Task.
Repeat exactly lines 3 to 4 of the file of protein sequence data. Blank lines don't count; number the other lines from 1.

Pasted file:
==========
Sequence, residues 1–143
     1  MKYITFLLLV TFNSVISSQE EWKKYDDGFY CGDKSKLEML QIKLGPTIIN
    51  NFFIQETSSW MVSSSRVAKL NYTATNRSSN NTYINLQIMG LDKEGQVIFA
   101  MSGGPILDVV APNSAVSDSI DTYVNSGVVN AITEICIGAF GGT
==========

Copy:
    51  NFFIQETSSW MVSSSRVAKL NYTATNRSSN NTYINLQIMG LDKEGQVIFA
   101  MSGGPILDVV APNSAVSDSI DTYVNSGVVN AITEICIGAF GGT